Saturday, April 17, 2021

Mozilla Stabilizes Firefox 3.6.10, Pushes Ahead on Firefox 4

Mozilla developers are pushing out Firefox 3.6.10 as a stability update to last week’s 3.6.9 browser release.

The Firefox 3.6.10 update comes during a busy week for browser vendors, with Google’s Chrome issuing an update and Microsoft debuting a public beta of Internet Explorer 9.

According to Mozilla’s release notes for Firefox 3.6.10, the new update fixes a single stability issue — a startup crash — that affected a limited number of users.

“Just to note, most of the comments indicated people were running the browser previously, got the update prompt, updated, and then were unable to start after that point,” Mozilla developer Christian Legnitto said in a comment in the bugzilla entry.

Updating Firefox for a single stability glitch — tracked in the Mozilla Bugzilla system as Bug 594699 — quickly after a new release is not a new occurrence for Mozilla. In June, Mozilla released Firefox 3.6.5, which was an update for an issue introduced in the 3.6.4 release’s new plug-in crash protection feature.

Meanwhile, Mozilla’s in-development Firefox 4 effort hit its beta 6 milestone this week, also providing stability updates as an incremental update to the beta 5 milestone.

“We’ve decided to issue a small beta update in order to fix a stability issue on Windows and some rendering and keyboard/mouse focus issues on OSX related to plugins,” Mozilla’s director of Firefox, Mike Beltzner, wrote in a Mozilla developer center posting.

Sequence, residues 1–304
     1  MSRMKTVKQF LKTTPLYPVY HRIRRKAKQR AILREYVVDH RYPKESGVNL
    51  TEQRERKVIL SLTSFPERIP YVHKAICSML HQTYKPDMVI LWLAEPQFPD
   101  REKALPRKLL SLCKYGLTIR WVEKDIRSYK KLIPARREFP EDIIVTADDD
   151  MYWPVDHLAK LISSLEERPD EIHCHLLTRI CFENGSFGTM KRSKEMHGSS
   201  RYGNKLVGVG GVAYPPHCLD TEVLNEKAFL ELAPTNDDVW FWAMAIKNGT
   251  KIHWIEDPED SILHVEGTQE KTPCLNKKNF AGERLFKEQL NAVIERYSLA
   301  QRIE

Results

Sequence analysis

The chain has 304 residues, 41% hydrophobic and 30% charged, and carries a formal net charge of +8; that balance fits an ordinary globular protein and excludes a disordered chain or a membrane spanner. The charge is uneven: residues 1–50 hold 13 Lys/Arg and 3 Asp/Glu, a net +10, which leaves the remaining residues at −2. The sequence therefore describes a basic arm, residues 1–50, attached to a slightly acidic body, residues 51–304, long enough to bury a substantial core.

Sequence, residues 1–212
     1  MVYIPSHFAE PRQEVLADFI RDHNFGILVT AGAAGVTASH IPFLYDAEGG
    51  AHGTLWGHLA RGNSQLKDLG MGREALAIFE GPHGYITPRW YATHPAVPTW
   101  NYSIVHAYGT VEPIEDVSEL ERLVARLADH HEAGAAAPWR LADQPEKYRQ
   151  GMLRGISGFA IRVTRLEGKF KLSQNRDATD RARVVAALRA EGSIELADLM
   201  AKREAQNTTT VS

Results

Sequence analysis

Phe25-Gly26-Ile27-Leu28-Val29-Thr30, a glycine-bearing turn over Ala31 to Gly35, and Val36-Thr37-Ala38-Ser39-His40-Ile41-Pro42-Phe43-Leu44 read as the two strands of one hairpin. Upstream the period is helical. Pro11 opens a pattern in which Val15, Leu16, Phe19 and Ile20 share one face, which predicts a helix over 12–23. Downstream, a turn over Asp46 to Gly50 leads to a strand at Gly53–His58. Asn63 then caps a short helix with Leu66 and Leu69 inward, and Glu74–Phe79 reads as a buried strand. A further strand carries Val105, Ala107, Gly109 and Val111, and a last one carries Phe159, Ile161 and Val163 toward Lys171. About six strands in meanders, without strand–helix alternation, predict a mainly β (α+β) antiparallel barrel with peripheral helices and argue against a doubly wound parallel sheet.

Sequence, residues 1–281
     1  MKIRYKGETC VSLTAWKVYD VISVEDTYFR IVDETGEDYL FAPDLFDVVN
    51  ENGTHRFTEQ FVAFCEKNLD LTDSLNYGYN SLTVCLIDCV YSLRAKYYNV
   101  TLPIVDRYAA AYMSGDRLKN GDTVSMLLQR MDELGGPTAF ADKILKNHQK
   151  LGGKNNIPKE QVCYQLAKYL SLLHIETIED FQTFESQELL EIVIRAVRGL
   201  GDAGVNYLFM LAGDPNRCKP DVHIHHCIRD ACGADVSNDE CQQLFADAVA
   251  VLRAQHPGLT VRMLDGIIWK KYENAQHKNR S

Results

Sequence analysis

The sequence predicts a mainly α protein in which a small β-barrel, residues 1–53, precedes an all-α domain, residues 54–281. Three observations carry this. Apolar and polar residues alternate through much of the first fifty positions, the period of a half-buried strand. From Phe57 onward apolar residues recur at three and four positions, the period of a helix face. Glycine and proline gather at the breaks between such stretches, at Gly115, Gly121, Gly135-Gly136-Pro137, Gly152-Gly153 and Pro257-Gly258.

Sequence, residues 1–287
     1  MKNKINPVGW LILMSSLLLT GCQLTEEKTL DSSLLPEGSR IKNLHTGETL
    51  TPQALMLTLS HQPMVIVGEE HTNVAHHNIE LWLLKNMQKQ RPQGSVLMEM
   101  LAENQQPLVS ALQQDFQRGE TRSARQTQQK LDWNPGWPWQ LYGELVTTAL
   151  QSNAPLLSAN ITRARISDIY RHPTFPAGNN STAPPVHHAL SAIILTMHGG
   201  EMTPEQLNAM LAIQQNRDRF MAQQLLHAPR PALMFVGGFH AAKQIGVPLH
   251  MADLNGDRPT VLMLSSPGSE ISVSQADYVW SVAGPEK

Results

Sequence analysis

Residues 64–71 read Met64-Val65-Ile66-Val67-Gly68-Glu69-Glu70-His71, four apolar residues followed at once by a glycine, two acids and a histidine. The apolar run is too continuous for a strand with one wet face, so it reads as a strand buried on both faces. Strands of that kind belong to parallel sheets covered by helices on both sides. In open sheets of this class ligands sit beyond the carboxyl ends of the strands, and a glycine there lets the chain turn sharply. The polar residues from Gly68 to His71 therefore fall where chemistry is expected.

Beltzner added that the upcoming beta 7 milestone will be the “feature freeze” point for Firefox 4, at which point no new major features will be added into the release.

Firefox 4 has been in active development since at least July when Mozilla released the first beta milestone. Firefox 4 includes new user interface, tab management, add-on and performance features.

As a way to help better measure the performance gains that Firefox 4 will provide compared to its predecessor and its rivals, Mozilla developers have also released a new JavaScript benchmarking tool called Kraken — making it the latest in a series of such benchmarking tools to rise to prominence.

“More than Sunspider, V8, and Dromaeo, Kraken focuses on realistic workloads and forward-looking applications,” Mozilla developer Rob Sayre blogged. “We believe that the benchmarks used in Kraken are better in terms of reflecting realistic workloads for pushing the edge of browser performance forward.”

Sean Michael Kerner is a senior editor at InternetNews.com, the news service of Internet.com, the network for technology professionals.

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